So, peer review eventually took off. From about the 1970s and well into the early 1990s — that is, prior to the age of email — reviewers would be sent paper copies of the manuscript with high quality glossy photographs (or later, CD-ROMs) of the data/figures. Reviewers were not asked whether they wanted to review, they were simply summarily assigned the job (checking obituaries would sometimes be useful before deciding to send a paper to a certain expert in the field). Reviewers would send in their type-written (occasionally even handwritten) comments by snailmail or fax and eventually the editors would send back an annotated manuscript to the authors to revise. Editorial assistants would cut up the reviews (yes, with scissors!) and photocopy an assembled set of paragraphs after editors had bracketed the points that they wished to be passed on to the author. Interestingly a return to this sort of ‘editing’ of reviewer reports and compiling into one document is now in practice at eLife, though this now also involves re-engagement of the reviewers themselves to agree with the overall recommendation.

Now of course, online review – and indeed online publication – is disrupting the publishing enterprise all over again. Papers are longer and more interdisciplinary than ever. It is becoming an impossibility to actually review a paper with terabytes of data in any meaningful sense. Meanwhile the growing sense that peer review takes too long, isn’t transparent, and is an unfair division of labor and costs means that other publishing models are taking hold. Pre-print publication in repositories such as arXiv and bioRxiv are allowing scientists to release their work to the public as soon as they wish although readers must be wary that the claims have not necessarily been evaluated by impartial judges.

The future of peer review?

So it behooves us to ask, what value does peer review still have? Is it outdated and we need to replace it with something else? Or can we improve it to fit the needs of the 21st century?

At its best, peer review provides a measure of quality control for the scientific literature, helping authors to make the best case for their exciting new discoveries. Readers, funders, industry, and the public can read the paper and trust the results, turning those insights into the building blocks for the next advance for society. And frankly, the other reason it’s important is that the journals that are most prestigious and most likely to result in job offers, promotions and grants should you publish in them, still require it. So being adept at writing reviews and interpreting them are important skills to hone from a pragmatic standpoint.

It’s this issue of improving peer review that we aim to address with the accompanying CommKit article [Peer Review – Best Practices]. Right now, it’s still an important requirement of being a scientist, and many of the issues we can cite with peer review as currently practiced boil down to badly written reviews, badly-behaved peer reviewers, and editors who are unable to parse the results of this badly-done process. If we could re-set the system so that reviews are constructive, timely and objective, then the scientific community would be better off for it.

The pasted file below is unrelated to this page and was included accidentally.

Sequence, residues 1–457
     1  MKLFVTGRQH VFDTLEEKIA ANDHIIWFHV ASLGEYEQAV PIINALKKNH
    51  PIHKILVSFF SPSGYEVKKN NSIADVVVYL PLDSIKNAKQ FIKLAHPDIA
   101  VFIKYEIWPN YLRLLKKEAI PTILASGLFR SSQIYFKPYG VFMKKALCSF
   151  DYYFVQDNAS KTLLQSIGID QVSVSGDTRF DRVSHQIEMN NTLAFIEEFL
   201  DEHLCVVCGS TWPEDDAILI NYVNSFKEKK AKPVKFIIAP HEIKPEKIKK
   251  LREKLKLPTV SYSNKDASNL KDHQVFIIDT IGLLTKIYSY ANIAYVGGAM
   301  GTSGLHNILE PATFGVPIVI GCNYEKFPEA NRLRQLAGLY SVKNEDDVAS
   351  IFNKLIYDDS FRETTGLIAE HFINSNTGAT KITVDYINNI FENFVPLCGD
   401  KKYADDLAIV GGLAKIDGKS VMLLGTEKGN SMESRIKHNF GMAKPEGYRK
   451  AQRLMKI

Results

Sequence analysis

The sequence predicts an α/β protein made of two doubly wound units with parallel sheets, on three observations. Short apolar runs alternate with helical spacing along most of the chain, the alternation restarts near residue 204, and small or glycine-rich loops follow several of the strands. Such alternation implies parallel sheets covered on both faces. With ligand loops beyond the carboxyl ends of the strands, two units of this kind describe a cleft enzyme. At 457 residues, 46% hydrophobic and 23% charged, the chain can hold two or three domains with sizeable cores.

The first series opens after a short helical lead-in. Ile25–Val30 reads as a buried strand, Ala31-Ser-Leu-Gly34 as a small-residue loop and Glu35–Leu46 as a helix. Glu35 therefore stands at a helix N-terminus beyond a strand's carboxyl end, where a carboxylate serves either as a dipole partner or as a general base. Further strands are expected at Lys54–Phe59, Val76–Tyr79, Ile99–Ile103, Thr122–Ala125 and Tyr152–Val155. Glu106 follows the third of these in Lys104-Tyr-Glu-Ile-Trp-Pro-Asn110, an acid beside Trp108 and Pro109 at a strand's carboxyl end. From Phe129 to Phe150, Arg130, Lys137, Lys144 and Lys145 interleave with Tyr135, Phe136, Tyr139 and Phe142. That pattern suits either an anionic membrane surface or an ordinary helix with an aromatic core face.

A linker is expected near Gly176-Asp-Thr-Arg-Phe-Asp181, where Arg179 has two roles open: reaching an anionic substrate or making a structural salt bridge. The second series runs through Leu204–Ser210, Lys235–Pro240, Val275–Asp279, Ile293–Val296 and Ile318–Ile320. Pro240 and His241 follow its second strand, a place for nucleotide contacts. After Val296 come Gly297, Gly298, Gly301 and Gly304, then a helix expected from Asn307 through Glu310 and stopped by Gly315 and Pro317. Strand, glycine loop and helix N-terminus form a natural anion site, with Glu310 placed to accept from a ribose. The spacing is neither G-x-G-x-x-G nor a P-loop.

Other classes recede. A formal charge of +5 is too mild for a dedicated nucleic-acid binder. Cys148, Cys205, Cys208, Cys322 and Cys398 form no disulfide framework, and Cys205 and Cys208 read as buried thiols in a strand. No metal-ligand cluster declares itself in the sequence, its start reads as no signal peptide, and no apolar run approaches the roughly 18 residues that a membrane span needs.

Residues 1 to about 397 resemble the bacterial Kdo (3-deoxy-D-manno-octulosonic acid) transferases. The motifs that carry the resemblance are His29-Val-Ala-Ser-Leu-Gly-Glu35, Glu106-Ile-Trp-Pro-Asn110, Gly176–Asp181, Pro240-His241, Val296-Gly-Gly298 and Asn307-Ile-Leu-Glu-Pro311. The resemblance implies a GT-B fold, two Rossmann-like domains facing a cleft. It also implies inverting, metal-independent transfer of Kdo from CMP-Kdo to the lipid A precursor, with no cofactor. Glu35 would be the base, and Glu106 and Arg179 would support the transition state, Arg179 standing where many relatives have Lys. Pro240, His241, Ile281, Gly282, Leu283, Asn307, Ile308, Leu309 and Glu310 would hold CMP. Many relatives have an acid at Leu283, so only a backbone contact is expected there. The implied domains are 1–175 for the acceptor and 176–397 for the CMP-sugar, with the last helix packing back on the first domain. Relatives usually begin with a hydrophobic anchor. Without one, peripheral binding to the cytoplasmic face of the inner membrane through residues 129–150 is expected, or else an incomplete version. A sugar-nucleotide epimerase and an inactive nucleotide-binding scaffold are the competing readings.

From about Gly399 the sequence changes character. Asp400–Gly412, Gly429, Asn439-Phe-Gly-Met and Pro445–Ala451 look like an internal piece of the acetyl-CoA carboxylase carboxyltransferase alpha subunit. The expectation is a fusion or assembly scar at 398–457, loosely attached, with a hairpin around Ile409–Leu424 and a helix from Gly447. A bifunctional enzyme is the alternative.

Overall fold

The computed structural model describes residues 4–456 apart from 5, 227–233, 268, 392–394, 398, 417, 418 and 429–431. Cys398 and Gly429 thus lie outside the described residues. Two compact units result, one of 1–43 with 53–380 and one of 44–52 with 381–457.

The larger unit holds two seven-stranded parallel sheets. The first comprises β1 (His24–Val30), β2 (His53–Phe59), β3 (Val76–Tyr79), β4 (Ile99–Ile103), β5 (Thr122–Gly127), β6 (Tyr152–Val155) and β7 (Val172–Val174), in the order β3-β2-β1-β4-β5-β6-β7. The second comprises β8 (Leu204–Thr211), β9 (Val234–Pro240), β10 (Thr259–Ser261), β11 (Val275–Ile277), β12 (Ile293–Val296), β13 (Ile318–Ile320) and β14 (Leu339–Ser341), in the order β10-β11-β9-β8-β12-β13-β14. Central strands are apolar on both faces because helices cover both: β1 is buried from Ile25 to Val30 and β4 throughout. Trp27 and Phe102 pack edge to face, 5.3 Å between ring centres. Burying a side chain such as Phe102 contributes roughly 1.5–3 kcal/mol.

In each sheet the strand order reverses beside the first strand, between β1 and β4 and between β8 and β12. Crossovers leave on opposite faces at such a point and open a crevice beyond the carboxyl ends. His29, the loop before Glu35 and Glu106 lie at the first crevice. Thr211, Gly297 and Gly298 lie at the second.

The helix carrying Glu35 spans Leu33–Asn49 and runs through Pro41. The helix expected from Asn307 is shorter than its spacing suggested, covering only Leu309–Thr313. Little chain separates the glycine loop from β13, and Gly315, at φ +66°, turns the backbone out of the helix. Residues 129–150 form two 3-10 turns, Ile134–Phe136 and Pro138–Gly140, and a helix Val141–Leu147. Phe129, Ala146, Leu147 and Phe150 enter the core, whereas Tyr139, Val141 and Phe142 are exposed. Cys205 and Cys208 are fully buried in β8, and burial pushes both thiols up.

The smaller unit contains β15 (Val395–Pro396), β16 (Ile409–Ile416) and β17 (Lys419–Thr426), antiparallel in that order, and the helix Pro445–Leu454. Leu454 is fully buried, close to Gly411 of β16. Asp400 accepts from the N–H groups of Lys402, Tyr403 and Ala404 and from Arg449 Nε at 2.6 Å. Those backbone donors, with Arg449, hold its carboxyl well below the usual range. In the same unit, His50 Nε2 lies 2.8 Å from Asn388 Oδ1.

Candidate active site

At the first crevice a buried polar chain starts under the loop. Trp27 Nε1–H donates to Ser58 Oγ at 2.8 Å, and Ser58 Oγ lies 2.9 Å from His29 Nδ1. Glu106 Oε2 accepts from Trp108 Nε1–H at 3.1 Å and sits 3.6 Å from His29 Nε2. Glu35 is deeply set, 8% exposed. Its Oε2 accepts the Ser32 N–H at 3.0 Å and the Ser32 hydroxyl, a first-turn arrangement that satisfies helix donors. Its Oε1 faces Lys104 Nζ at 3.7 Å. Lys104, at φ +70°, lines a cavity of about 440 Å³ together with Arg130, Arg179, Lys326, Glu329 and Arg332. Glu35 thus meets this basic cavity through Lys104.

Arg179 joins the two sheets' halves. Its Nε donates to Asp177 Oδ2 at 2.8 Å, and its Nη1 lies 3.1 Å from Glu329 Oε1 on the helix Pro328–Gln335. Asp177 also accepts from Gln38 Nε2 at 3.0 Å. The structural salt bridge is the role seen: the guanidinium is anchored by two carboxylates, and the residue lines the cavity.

Nonetheless, there are many issues that remain, so I would posit that while being good practitioners of peer review, we can also think about ways to disrupt the system. Much has been written on this topic so I will end here with links to some other interesting viewpoints (of particular note: whether peer review can improve the reproducibility of research; increasing transparency of the process; the unfair business models of publishing; and, of course, the importance of training peer reviewers). But reminding ourselves that scientific publishing has had many guises in the last 400 years, and peer review has only been part of the equation for the past 40-odd years should give us hope that we can pursue new ways of evaluating the scientific literature that better address the needs of the scientific community and society at large.

But at the very least, let’s commit to being as conscientious and constructive as possible when agreeing to review a manuscript. You can start by checking out the CommKit!


With many thanks to Diana Chien, MIT CommLab, Mike Orella, MIT MechE CommLab, Akshata Sonni & Chris Gerry, Broad CommLab, members of the scipub working group at Broad, and to Geoffrey North, Editor of Current Biology, for useful discussions.